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California’s Power Market: "Gray" Days Ahead?
California’s Power Market: "Gray" Days Ahead?
On Point No. 74
January 17, 2001
The Golden State has power problems; rolling blackouts began yesterday. Many, including Governor Gray Davis, Senator Dianne Feinstein, and several consumer groups, blame the state’s power woes on the “deregulation” of California’s power system.<?xml:namespace prefix = o ns = "urn:schemas-microsoft-com:office:office" />
This slander on the fair name of deregulation should be rejected. As Federal Energy Regulatory Commission Chairman James Hoecker has noted, deregulation in California “was never fully tried.” That is an understatement, because most of what was done went in the opposite direction. What the state actually did was engage in meddling micromanagement, sailing under the false flag of “deregulation,” through which it thought it could ensure the benefits of a free market without any of the risks. This attempt has failed, and now the state is stuck with the worst features of a regulated system without the benefit of market signals and incentives. In the meantime, someone ought to sue the state for false advertising for daring to use the term deregulation.
Deregulation? Not exactly. A 1996 law passed by the California Assembly forced utilities to divest most of their generating facilities, which were then sold to new generating firms. Generators and distributors were then induced to buy and sell power on the state-managed Power Exchange (PX), which serves as a spot market for power suppliers in the state.
The idea was, since the main suppliers (the three largest utilities are Pacific Gas & Electric, Southern California Edison, and San Diego Gas & Electric) did not have to generate power, they would be able to purchase inexpensive power from new generators (like Dynegy) on the PX for distribution to consumers.
The PX operates by tallying bids for power supply, based on estimates of future needs, until they reach the total quantity demanded of the utilities. Then the bid price of the last bidder, the highest marginal price, becomes the price for that period. That is, California’s Independent System Operator, which runs the grid, tries to “match up” supply and demand on the wholesale power market. The problem, which has become a crisis, is that the estimates for quantity demanded are almost always short and, thus, the utilities have to buy “extra” power on short notice to meet demand.
Besides low demand estimates, what has caused wholesale prices to shoot up? Mostly regulations that limit supply, such as the NOx emission caps that require generation plants to shut down if they exceed the prescribed limits. Other stringent environmental regulations, and the averseness of homeowners to new power plants in close proximity to their neighborhoods, have stifled expansion of the state’s power supply by limiting the ability of generators to build new plants or improve existing ones. All of this came to a head this summer, when unseasonably hot temperatures, combined with growing demand from Silicon Valley, caused demand for power to surge.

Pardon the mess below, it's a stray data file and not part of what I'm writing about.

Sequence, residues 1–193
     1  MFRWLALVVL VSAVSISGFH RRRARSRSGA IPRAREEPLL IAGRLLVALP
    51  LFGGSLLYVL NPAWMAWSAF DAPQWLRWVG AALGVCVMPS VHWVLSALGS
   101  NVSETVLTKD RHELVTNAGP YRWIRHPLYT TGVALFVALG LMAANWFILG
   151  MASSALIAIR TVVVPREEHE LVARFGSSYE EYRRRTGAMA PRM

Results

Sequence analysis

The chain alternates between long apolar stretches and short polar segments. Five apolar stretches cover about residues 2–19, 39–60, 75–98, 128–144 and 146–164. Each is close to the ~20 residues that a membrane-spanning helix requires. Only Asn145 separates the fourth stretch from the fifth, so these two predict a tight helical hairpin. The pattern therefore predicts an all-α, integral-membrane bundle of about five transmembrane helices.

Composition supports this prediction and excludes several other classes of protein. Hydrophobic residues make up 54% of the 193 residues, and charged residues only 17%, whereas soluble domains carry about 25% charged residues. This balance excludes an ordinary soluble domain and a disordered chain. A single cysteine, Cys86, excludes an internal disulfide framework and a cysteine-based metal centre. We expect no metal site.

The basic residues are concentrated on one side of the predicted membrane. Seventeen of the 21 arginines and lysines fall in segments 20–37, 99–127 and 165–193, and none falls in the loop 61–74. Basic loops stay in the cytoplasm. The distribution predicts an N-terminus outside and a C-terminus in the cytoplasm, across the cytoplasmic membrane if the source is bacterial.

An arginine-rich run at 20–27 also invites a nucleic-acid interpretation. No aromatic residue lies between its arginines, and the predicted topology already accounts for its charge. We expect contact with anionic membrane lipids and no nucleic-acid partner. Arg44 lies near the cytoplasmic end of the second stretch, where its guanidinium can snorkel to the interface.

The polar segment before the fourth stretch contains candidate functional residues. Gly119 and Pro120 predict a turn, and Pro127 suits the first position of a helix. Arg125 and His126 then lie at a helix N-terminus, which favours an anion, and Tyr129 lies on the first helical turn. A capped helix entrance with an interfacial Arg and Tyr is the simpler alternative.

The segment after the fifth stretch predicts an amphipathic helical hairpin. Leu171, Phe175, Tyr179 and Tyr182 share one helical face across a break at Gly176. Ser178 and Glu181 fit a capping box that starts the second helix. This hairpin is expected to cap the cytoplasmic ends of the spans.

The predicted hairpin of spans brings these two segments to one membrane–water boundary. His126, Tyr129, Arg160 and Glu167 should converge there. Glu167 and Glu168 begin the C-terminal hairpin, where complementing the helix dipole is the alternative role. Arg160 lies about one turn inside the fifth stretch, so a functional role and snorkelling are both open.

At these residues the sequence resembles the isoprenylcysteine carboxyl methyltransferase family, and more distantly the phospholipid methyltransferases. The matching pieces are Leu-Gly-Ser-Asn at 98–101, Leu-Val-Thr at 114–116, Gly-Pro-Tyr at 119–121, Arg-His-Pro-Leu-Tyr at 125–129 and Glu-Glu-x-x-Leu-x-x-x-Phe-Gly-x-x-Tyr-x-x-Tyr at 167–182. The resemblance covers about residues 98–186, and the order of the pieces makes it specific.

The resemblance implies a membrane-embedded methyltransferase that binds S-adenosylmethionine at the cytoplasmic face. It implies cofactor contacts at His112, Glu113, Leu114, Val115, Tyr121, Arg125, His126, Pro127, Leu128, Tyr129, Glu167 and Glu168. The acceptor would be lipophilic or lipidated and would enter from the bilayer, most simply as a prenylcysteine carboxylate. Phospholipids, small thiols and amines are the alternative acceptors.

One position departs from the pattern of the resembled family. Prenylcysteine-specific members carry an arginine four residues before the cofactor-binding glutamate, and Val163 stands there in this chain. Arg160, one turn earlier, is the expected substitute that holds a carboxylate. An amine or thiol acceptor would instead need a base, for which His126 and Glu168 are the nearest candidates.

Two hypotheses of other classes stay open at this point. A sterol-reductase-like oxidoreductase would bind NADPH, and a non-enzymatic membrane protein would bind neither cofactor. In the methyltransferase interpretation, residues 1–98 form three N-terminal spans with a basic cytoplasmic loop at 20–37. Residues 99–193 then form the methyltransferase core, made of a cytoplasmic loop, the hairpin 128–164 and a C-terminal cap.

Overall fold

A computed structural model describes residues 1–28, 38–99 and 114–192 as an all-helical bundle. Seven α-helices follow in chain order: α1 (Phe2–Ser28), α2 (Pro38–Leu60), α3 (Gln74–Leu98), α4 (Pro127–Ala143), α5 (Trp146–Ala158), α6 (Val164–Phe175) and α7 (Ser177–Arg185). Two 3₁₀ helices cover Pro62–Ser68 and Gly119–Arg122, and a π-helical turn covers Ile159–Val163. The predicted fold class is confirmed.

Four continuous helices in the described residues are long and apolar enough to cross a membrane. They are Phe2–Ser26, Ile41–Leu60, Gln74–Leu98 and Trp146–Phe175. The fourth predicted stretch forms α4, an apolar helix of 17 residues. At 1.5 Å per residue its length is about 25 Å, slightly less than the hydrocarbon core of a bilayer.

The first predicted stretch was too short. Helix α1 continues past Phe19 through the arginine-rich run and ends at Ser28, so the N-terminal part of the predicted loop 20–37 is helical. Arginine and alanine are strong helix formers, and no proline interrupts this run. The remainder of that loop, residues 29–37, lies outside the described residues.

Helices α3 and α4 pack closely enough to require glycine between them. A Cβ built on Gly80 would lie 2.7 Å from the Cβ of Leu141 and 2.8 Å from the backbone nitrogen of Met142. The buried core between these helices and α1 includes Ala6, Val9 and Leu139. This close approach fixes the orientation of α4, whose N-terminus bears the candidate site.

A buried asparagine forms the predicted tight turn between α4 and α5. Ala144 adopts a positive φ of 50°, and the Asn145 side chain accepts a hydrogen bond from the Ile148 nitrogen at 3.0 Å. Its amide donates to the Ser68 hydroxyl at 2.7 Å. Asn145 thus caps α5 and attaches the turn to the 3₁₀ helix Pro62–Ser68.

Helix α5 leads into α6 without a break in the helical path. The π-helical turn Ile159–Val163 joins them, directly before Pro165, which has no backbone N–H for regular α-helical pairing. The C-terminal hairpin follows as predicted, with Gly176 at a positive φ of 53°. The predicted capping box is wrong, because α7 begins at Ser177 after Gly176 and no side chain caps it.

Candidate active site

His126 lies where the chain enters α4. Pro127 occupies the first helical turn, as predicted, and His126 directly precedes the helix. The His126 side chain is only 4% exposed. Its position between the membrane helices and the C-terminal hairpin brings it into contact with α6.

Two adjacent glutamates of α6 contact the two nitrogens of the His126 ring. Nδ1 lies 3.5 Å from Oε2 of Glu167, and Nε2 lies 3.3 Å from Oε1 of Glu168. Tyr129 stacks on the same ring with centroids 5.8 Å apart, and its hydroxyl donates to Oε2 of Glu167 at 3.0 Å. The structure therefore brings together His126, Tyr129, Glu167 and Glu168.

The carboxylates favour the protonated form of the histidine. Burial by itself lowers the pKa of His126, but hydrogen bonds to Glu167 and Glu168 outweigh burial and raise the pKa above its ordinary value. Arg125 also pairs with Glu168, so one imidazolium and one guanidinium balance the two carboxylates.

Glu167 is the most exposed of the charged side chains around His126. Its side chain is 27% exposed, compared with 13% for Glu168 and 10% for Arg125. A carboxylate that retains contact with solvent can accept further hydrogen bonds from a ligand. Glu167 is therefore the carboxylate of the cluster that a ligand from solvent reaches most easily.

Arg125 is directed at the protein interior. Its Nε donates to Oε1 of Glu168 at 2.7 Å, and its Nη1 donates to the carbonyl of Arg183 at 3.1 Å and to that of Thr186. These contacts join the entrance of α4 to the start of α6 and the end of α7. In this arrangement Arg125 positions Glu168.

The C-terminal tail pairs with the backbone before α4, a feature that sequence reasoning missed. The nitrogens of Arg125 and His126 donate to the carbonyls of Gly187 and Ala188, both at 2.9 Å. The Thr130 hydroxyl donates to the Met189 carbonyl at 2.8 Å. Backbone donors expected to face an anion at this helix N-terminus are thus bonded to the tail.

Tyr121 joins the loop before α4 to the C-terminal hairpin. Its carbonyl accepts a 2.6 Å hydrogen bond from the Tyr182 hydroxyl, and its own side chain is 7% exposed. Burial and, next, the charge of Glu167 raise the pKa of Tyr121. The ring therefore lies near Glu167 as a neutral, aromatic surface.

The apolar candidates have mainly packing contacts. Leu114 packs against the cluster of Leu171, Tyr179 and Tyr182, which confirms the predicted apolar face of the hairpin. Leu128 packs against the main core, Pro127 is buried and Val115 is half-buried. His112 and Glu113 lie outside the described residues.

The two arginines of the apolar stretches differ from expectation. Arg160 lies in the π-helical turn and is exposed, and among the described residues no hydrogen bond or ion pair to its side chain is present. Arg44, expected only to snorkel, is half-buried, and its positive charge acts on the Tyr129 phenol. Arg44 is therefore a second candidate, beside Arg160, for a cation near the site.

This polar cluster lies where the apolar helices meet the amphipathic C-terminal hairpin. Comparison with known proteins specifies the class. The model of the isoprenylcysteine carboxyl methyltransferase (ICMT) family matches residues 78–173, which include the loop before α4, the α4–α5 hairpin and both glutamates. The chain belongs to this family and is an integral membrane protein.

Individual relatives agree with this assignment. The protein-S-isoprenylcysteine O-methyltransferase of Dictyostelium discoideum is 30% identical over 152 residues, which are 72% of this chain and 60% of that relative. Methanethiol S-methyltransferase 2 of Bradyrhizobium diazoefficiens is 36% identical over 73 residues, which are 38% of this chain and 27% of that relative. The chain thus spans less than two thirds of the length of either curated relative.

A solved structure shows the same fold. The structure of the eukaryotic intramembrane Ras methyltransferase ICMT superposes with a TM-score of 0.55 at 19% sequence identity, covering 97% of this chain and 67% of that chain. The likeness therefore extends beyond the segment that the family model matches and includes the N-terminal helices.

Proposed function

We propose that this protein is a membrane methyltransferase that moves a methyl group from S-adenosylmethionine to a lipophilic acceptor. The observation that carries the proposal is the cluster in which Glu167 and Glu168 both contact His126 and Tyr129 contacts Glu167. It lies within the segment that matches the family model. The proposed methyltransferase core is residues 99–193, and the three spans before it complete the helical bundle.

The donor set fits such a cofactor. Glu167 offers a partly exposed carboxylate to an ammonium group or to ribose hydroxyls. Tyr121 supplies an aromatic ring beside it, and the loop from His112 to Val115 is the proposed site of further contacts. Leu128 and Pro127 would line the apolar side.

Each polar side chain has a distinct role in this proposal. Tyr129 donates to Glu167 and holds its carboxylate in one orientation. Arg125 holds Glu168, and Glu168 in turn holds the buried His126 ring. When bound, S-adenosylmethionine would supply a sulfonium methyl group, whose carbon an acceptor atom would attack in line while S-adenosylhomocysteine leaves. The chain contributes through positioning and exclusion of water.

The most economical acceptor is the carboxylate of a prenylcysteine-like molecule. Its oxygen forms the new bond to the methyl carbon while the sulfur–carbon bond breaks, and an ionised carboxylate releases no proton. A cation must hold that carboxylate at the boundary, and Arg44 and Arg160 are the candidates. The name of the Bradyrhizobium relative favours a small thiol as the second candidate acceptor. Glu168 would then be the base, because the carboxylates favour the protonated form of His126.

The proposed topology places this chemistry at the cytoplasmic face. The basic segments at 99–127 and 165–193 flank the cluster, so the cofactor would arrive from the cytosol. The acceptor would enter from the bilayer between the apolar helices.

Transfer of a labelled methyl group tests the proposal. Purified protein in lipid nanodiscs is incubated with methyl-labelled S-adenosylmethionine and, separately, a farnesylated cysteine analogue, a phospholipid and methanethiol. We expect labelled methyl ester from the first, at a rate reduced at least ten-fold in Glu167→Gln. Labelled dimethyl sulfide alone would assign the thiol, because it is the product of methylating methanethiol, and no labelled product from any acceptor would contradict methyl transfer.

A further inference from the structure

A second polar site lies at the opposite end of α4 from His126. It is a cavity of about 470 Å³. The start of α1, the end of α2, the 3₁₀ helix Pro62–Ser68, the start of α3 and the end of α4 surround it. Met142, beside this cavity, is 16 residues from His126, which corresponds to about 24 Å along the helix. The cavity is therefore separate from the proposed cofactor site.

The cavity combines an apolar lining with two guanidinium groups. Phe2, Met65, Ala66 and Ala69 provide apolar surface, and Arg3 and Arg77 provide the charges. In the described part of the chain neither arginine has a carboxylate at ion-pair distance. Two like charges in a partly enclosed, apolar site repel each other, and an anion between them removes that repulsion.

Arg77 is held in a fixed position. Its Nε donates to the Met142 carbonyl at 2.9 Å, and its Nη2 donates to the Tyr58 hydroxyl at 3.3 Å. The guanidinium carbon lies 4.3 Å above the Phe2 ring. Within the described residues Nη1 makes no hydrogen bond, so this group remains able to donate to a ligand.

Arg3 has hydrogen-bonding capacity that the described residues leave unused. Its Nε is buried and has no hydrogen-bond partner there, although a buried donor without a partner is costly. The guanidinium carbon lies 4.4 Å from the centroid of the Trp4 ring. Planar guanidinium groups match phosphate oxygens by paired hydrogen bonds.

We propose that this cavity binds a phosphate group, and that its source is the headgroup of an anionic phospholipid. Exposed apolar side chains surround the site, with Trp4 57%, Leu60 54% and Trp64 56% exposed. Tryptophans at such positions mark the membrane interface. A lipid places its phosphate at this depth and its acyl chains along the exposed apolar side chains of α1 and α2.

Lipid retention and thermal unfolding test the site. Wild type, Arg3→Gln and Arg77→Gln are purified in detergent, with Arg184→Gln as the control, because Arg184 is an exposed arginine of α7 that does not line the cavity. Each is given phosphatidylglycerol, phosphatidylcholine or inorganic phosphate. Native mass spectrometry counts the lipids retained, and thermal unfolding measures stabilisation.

The result: Power became scarce and retail prices rose. However, a rate cap, agreed to by utilities before the power industry was restructured, ostensibly protected consumers from high prices. These caps were part of a deal to help utilities recover their stranded costs. Stranded costs are malinvestments in lines and plants that are not profitable. San Diego Gas & Electric recovered their costs under the new system and then began to charge higher rates. Pacific Gas & Electric and Southern California Edison, unable to recoup stranded costs, have remained under the retail price caps and thus are going into debt. These price caps are not helping consumers though, as they are set higher than the old monopoly prices. Thus, no one is happy and threats of serious shortages are on the horizon.
Regulatory measures won’t solve the problem. This situation has led federal and California state officials to seek drastic solutions, such as Governor Davis’s threat to take control of power plants by eminent domain, and to make withholding power from the grid a crime. Democrat Davis blames his predecessor, Republican Pete Wilson, while Senator Feinstein and some consumer groups, like the Foundation for Taxpayer and Consumer Rights, denounce the feds for failing to do enough. This latter group is calling for stricter price controls, open access to transmission lines, and a return to the old state-monopoly power system, as if more government intervention is the solution for instability caused by the original government intervention. Unfortunately, these stopgap and reregulatory measures will not alleviate the problems that Californians are facing in the long run. The solution to a botched regulatory scheme is not another regulatory scheme.
Instead, policymakers should focus on removing regulations. By freeing up electricity producers and consumers from government oversight, Californians would have a real choice in who will generate and deliver their power. Perhaps one company will do this; perhaps five will specialize in a role that allows them to realize maximum productivity.
Fixing California’s power problem is not going to be painless. Years of government intervention and red tape in the power industry will take time and trouble to overcome. Consumers, producers, and distributors will have to absorb some of the cost until a true market solution takes effect. In the end, however, California’s energy market will pay dividends of low-priced, reliable power that will continue to fuel the High Tech revolution in Silicon Valley and spur more innovation in the New Economy. Otherwise, California’s power industry will remain as broken as Humpty Dumpty, as state and federal regulators try to put it back together again.
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